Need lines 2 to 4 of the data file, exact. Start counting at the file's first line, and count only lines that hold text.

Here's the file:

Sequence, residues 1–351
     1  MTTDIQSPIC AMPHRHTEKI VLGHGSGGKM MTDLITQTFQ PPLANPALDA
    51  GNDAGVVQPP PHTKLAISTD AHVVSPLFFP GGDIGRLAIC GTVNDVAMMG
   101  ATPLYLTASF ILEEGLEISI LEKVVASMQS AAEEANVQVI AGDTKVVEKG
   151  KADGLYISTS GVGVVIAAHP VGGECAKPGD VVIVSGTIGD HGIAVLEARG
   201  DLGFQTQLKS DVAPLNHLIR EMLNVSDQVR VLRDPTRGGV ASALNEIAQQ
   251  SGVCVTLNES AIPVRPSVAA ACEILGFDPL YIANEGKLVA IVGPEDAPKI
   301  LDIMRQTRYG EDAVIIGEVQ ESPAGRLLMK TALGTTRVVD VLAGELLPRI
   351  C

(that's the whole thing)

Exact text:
     1  MTTDIQSPIC AMPHRHTEKI VLGHGSGGKM MTDLITQTFQ PPLANPALDA
    51  GNDAGVVQPP PHTKLAISTD AHVVSPLFFP GGDIGRLAIC GTVNDVAMMG
   101  ATPLYLTASF ILEEGLEISI LEKVVASMQS AAEEANVQVI AGDTKVVEKG